8. That is a great story about Burt Reynolds! I wish I would have seen it, it sounds hilarious. Of course, tough guy Burt was also in a musical where he did some singing... The Best Little Whorehouse in Texas. The only other tough guy I can think of that did a musical would be Clint Eastwood in Paint You Wagon. Maybe when John Wayne went on Laugh-In in a pink bunny suit he could have sang something and then we would have more about which to talk. "From now on, ending a sentence with a preposition is something up with which I will not put" -- Churchill
  9. I was wondering if anybody knew anything about the public's reaction to passionate tough guy, Marlon Brando, being cast in a musical. I know stereotypes around musicals weren't the same then as now... but you can't tell me that some fans weren't a bit disillusioned to see Terry from On the Waterfront singing in a musical. I'm thrilled that he did, but were there any recriminations for casting Brando in a musical? I know that Sinatra loathed that he was passed over for Brando. (I also read that Kazan wanted Sinatra for the lead in On the Waterfront. Could you imagine!? In 1954, I wouldn't
  10. If you had a chance to go to a concert of one of these singers, who would you choose? Would anyone choose Bing? I can't decide. I mean to hear Frank in the Tommy Dorsey years, or right after when his voice had that smooth, deep, and sad. Not that he didn't always have a beautiful voice, but I think it was best in those early years. But Elvis put on the best show in the world, right? I am sure some of you on here have been to a concert of one of these people. Any pertinant information about the experience?
  11. I adore Gene Kelly, and am the biggest fan of his that I have ever met in real life, but I wouldn't want to have lunch with him. He was a hard worker and I'm a lazy slob. According to his first wife, he was also a bit of a traditionalist because of his upbringing. I can't imagine what we would talk about (besides his career which would make me look foolish and probably bore him). So I choose my second favorite. Groucho Marx! I read something Woody Allen wrote that claimed he was just like your crazy uncle who was constantly cracking jokes. I have no doubt Groucho would be happy to take ove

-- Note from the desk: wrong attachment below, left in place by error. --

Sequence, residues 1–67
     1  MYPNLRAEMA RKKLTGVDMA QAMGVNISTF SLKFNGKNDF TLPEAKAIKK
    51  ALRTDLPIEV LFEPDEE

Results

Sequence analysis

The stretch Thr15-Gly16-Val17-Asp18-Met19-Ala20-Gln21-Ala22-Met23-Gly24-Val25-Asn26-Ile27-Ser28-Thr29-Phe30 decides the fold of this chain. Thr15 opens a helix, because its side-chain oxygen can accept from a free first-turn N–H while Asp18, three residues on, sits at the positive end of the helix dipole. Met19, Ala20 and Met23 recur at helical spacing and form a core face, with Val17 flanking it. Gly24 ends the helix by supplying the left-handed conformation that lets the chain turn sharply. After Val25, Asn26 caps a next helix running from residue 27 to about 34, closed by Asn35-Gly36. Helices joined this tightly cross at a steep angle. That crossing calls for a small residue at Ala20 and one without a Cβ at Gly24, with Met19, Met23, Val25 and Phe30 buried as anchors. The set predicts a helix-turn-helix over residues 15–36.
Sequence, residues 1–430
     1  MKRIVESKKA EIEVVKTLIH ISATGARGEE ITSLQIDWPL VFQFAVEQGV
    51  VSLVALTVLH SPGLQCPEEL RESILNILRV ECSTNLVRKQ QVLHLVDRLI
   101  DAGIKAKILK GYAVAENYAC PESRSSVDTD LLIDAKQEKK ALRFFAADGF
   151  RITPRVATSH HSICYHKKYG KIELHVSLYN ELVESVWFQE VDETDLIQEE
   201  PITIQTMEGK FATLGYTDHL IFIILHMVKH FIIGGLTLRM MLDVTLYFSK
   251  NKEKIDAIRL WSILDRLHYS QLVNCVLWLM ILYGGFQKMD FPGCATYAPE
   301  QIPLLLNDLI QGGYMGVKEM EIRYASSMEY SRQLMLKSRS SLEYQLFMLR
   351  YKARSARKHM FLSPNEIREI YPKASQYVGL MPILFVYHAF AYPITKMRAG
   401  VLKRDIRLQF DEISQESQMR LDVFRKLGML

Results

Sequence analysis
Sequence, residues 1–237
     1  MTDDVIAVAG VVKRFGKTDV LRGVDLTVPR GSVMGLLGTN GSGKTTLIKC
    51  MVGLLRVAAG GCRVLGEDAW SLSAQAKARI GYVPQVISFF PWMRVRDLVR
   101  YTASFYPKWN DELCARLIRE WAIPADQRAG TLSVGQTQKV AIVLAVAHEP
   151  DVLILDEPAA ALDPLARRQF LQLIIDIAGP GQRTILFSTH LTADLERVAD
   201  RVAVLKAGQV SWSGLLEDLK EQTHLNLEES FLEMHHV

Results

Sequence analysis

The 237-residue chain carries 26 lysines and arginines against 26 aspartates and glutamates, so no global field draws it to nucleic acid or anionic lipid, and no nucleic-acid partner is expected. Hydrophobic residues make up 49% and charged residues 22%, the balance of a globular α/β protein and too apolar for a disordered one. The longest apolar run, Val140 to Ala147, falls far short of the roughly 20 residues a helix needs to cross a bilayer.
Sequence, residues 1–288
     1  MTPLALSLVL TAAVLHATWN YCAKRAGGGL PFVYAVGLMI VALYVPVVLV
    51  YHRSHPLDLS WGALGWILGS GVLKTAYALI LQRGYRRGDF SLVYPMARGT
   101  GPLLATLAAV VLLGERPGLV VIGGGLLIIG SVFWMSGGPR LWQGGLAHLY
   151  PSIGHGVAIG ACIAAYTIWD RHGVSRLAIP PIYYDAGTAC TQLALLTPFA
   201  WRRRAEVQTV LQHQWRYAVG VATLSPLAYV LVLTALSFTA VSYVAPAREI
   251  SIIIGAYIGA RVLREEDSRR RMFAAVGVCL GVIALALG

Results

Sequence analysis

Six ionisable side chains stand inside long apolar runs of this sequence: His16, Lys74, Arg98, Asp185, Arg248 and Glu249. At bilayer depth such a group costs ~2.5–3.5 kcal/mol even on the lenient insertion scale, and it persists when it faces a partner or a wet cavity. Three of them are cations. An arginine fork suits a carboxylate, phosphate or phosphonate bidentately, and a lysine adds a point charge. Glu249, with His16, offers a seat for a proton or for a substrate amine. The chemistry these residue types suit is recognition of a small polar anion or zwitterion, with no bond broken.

12. The Apartment and Some Like It Hot are my favorite Billy Wilder movies. I cannot choose between them. You know on the movie Casino Royale (not the upcoming one, the Peter Sellers/David Niven version) Billy Wilder was given screen credit because they used the immortal Joe E. Brown line "Nobody's Perfect" As Woody Allen says "Never steal. And when you do, steal from the best" [paraphrasing]
  13. It Happened One Night was mentioned in the original list. So Capra is represented. Good choice on La Lune. I wish I could have chosen a different movie from Birth of A Nation, but from what I have read... this movie was the representation of Griffith at his height. I've unfortunately seen it twice, and felt sick for the entire length of the movie both times. I choose Spike Lee anyday.
  14. It has Gregory Peck and John Garfield in it. Gregory Peck plays a journalist who, in order to write a difficult piece on anti-semitism, decides to pose as a Jewish person for a period of time. The film is about the problems he and his family encounter in 1950s New York. If you haven't see it, I highly suggest it.